Previously, I have argued that climate models can duplicate history only because they are fudged. I understand this phenomenon all too well, because I have been guilty of it many times. I have built economic and market models for consulting clients that seem to make sense, yet did not backcast history very well, at least until I had inserted a few "factors" into them.
Climate modelers have sworn for years that they are not doing this. But Steve McIntyre finds this in the IPCC 4th Assessment:
The strong emphasis placed on the realism of the simulated base state provided a rationale for introducing ‘flux adjustments’ or ‘flux corrections’ (Manabe and Stouffer, 1988; Sausen et al., 1988) in early simulations. These were essentially empirical corrections that could not be justified on physical principles, and that consisted of arbitrary additions of surface fluxes of heat and salinity in order to prevent the drift of the simulated climate away from a realistic state.
Boy, that is some real semantic goodness there. We are not putting in fudge factors, we are putting in "empirical corrections that could not be justified on physical principles" that were "arbitrary additions" to the numbers. LOL.
But the IPCC only finally admits this because they claim to have corrected it, at least in some of the models:
By the time of the TAR, however, the situation had evolved, and about half the coupled GCMs assessed in the TAR did not employ flux adjustments. That report noted that ‘some non-flux adjusted models are now able to maintain stable climatologies of comparable quality to flux-adjusted models’
Let’s just walk on past the obvious question of how they define "comparable quality" or why scientists are comfortable when multiple models using different methodologies, several of which are known to be wrong, come up with nearly the same exact answer. Let’s instead be suspicious that the problem of fudging has not gone away, but likely has just had its name changed again, as climate scientists are likely tuning the models but with tools other than changes to flux values. But climate models have hundreds of other variables that can be fudged, and, remembering this priceless quote…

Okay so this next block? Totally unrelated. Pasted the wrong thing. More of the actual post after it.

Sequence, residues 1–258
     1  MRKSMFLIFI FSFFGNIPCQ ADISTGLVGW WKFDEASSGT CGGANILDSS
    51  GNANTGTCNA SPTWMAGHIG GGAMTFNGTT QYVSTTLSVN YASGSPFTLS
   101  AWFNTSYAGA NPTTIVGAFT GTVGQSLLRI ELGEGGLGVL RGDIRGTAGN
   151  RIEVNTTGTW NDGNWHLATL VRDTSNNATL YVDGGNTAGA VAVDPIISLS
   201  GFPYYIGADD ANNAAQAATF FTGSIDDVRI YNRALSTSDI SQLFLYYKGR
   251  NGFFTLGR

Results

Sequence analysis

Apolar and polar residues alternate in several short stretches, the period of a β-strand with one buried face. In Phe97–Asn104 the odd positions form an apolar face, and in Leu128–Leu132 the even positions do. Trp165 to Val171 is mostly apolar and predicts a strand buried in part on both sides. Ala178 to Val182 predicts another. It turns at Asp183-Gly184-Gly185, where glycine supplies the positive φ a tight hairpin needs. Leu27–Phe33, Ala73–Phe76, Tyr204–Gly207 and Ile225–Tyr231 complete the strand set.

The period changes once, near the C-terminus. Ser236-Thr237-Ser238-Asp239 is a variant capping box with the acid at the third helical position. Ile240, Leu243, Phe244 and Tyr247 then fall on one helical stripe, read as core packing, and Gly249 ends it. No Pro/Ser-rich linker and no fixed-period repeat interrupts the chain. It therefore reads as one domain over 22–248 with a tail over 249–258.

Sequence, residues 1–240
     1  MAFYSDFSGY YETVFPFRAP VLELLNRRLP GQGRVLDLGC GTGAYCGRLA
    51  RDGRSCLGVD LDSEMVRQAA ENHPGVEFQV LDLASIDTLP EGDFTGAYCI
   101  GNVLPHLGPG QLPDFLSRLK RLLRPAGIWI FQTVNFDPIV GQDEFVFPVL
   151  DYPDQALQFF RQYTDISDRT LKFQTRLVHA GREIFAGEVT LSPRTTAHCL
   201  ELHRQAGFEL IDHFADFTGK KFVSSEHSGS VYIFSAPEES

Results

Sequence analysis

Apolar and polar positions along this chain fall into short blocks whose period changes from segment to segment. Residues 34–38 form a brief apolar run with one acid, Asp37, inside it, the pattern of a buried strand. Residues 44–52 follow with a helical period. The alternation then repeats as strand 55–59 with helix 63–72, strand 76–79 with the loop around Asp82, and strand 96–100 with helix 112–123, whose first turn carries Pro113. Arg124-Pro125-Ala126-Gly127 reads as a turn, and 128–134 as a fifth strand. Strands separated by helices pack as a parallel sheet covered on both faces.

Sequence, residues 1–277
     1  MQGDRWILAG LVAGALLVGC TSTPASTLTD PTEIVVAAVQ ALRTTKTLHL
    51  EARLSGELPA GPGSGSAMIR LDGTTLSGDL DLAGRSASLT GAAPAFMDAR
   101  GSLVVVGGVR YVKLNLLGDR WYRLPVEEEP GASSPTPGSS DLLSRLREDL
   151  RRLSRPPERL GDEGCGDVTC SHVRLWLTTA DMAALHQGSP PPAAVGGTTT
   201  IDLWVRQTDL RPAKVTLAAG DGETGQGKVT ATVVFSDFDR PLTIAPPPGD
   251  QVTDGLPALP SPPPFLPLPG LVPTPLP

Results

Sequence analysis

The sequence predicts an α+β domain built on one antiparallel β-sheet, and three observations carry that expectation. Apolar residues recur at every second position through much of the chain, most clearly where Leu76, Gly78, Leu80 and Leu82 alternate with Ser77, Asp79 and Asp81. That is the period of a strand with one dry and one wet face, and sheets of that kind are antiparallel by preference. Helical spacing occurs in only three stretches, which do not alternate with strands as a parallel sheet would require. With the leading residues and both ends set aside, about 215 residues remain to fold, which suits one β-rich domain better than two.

"I remember my friend Johnny von Neumann used to say, ‘with four parameters I can fit an elephant and with five I can make him wiggle his trunk.’" A meeting with Enrico Fermi, Nature 427, 297; 2004.
We should be suspicious. But we don’t just have to rely on our suspicions, because the IPCC TAR goes on to essentially confirm my fears:
(1.5.3) The design of the coupled model simulations is also strongly linked with the methods chosen for model initialisation. In flux adjusted models, the initial ocean state is necessarily the result of preliminary and typically thousand-year-long simulations to bring the ocean model into equilibrium. Non-flux-adjusted models often employ a simpler procedure based on ocean observations, such as those compiled by Levitus et al. (1994), although some spin-up phase is even then necessary. One argument brought forward is that non-adjusted models made use of ad hoc tuning of radiative parameters (i.e., an implicit flux adjustment).
Update: In another post, McIntyre points to just one of the millions of variables in these models and shows how small changes in assumptions make huge differences in the model outcomes. The following is taken directly from the IPCC 4th assessment:
The strong effect of cloud processes on climate model sensitivities to greenhouse gases was emphasized further through a now-classic set of General Circulation Model (GCM) experiments, carried out by Senior and Mitchell (1993). They produced global average surface temperature changes (due to doubled atmospheric CO2 concentration) ranging from 1.9°C to 5.4°C, simply by altering the way that cloud radiative properties were treated in the model. It is somewhat unsettling that the results of a complex climate model can be so drastically altered by substituting one reasonable cloud parameterization for another, thereby approximately replicating the overall intermodel range of sensitivities.